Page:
The Governor’s energy MBR legislation, Senate Bill 315 did not receive a vote that was previously expected in the Senate Energy Committee this week due to continuing disagreements with industry on hydraulic fracturing regulations included in the bill. The bill is expected to be amended and voted out of committee and the full Senate on May 15, 2012.
3. Bills to watchPension reform legislation was introduced in the Ohio Senate this week by President Tom Niehaus (R- New Richmond) and Minority Leader Eric Kearney (D- Cincinnati):
- Senate Bill 340 makes changes to the Ohio Police and Fire Pension Fund
- Senate Bill 341 makes changes to the School Employees Retirement System
- Senate Bill 342 makes changes to the State Teachers Retirement System
- Senate Bill 343 makes changes to the Public Employees Retirement System
These bills are currently in the Senate Insurance Committee and are scheduled for second consideration on May 15, 2012. They appear to be on the fast track and could receive approval prior to the legislative summer recess.
House Bill 542 was introduced by Representative Margaret Ann Ruhl (R- Mt. Vernon) this week. The bill would require the licensure and regulation of providers of debt settlement services. HB 542 is scheduled for its first hearing in the House Financial Institutions, Housing and Urban Development Committee on May 15, 2012.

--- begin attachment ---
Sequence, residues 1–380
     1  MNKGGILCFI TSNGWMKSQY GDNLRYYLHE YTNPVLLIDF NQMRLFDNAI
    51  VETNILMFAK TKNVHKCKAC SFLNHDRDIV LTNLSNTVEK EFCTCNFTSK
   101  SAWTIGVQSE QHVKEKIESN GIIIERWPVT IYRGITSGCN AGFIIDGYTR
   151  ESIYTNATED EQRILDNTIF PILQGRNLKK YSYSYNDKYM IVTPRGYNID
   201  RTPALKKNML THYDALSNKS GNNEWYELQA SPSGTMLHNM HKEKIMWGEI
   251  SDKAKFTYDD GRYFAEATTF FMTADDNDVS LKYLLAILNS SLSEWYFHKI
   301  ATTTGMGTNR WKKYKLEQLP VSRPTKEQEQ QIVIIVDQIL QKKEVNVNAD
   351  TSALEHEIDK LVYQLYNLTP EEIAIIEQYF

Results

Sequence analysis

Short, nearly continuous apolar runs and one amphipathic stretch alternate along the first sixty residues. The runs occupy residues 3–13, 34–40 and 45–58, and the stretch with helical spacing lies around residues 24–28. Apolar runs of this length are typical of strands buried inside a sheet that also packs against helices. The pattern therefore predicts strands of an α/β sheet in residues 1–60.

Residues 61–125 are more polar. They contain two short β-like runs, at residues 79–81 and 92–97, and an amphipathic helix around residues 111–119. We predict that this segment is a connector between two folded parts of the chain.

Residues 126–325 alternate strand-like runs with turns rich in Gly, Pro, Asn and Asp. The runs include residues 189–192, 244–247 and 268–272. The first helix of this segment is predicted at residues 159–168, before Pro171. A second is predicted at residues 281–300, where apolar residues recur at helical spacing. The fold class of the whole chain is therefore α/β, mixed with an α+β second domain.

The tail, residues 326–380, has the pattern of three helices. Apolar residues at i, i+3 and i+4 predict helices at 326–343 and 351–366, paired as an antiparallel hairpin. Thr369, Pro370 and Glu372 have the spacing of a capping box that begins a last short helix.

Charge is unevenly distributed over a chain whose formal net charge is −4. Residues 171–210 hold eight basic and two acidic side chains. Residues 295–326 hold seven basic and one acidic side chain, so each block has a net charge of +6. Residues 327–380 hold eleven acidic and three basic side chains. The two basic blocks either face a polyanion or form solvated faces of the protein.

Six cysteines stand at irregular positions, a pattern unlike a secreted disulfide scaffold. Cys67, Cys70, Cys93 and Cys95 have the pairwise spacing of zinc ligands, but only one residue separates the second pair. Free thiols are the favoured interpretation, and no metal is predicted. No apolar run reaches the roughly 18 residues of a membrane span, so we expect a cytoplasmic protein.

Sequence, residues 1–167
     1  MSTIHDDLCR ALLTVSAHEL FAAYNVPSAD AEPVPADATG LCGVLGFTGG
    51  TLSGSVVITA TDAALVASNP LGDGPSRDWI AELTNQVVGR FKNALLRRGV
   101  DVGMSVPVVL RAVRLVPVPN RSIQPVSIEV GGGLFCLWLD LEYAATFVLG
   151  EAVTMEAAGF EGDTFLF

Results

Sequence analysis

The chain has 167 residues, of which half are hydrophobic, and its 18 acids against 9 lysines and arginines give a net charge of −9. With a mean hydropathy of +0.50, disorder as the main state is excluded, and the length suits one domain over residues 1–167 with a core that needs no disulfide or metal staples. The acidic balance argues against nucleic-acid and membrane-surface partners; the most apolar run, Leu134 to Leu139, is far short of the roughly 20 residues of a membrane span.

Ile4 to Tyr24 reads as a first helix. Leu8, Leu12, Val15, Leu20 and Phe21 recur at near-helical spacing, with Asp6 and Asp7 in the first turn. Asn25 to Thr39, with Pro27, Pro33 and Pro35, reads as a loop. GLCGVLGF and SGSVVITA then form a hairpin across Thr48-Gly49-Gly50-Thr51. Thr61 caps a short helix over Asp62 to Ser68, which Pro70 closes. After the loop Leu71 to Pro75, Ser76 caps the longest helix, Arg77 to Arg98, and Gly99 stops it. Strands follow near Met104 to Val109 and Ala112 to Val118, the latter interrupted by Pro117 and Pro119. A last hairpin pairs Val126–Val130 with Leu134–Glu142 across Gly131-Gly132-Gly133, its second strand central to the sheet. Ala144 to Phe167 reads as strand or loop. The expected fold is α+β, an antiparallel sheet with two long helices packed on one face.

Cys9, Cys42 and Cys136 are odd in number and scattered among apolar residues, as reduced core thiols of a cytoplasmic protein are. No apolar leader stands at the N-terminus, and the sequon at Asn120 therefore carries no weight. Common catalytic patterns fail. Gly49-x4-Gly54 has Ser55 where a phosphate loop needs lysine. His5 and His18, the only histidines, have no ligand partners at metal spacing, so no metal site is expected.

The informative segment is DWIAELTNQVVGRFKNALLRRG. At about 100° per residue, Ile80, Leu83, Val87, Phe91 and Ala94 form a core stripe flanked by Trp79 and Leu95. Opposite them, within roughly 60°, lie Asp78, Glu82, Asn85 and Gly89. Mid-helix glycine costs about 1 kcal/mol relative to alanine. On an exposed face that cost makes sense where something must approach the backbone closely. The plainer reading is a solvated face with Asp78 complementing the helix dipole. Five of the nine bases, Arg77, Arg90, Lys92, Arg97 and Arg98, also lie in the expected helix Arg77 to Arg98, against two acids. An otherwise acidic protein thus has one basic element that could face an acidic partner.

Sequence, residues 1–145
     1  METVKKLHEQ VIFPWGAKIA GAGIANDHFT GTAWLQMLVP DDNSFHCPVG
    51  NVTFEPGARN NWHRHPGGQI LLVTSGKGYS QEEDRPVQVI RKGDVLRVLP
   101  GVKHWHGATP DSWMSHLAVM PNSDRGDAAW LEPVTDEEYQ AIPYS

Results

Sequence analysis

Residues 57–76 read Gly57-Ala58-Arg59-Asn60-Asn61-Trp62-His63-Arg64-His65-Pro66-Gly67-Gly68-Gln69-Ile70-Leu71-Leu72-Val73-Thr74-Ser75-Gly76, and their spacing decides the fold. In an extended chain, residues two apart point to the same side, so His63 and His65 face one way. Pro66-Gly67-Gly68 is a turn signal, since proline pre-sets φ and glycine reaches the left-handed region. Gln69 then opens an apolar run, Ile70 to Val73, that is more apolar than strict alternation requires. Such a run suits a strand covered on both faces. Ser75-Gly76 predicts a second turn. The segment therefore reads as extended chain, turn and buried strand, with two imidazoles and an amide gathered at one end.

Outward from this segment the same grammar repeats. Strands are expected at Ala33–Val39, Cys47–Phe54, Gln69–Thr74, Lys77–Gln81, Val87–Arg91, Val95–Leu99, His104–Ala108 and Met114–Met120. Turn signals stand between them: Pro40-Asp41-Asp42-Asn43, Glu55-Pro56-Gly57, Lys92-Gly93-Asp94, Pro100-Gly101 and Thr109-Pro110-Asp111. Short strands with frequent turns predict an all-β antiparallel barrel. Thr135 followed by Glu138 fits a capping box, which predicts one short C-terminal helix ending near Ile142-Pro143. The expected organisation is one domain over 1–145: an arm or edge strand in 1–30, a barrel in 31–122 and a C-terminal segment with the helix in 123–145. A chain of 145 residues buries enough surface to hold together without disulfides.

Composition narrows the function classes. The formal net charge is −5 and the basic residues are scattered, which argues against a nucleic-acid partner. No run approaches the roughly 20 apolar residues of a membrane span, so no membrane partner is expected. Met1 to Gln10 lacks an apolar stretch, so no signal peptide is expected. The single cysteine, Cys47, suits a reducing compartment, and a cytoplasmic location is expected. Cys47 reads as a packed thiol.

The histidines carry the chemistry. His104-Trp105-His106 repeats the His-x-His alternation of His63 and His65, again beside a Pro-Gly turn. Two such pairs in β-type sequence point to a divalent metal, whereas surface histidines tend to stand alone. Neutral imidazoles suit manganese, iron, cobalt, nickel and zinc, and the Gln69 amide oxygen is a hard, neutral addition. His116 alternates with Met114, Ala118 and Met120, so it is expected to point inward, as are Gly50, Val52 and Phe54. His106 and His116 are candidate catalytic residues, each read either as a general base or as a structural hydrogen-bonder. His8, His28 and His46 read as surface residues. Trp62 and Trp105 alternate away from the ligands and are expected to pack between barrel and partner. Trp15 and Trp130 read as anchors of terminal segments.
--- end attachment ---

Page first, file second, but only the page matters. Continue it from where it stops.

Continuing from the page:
4. Legislation approved this week The Ohio Senate met on May 8 and 9 and approved the following bills:
House Bill 383: Sponsored by former Representative Lynn Slaby (R- Copley Twp.), the bill makes changes relative to residential construction and the Consumer Sales Practices Act and establishes laws governing the practices of home construction service suppliers.
House Bill 386: Sponsored by Representative Lou Blessing (R- Cincinnati), the bill makes changes to the law regarding video lottery terminals, casino gaming, bingo and instant bingo and horse racing, and establishes a moratorium on new establishments conducting sweepstakes by sweepstakes terminal devices. The House did not agree to Senate changes to the bill and it will go to Conference Committee for further consideration.
Senate Bill 316: Sponsored by request of Senator Peggy Lehner (R- Kettering), the bill revises authorizations and conditions with respect to education, workforce development and early childhood care and revises the law governing type B family day-care homes.
The Ohio House met on May 8 and approved the following bills:
Senate Bill 295: Sponsored by Senator Bill Coley (R- Middletown), the bill repeals the provisions of Am. Sub. H.B. 194 of the 129th General Assembly relating to election law, which has not taken effect because it is pending a referendum vote on November 6, 2012.
House Bill 379: Sponsored by Representative Lou Blessing (R- Cincinnati), the bill permits water-works and sewage disposal system companies to make certain rate-calculation adjustments and make changes regarding water and sewer infrastructure improvement surcharges. The bill also alters language regarding utility requirements for when rate increases may take effect in the absence of administrative action.
House Bill 521: Sponsored by Representative Mike Dovilla (R- Berea), the bill increases the maximum total amount of tax credits allowed per year for completion of motion pictures certified as tax credit-eligible productions.
For more information, please contact:
Michael Caputo (non-attorney professional)
Rebecca M. Kuhns (non-attorney professional)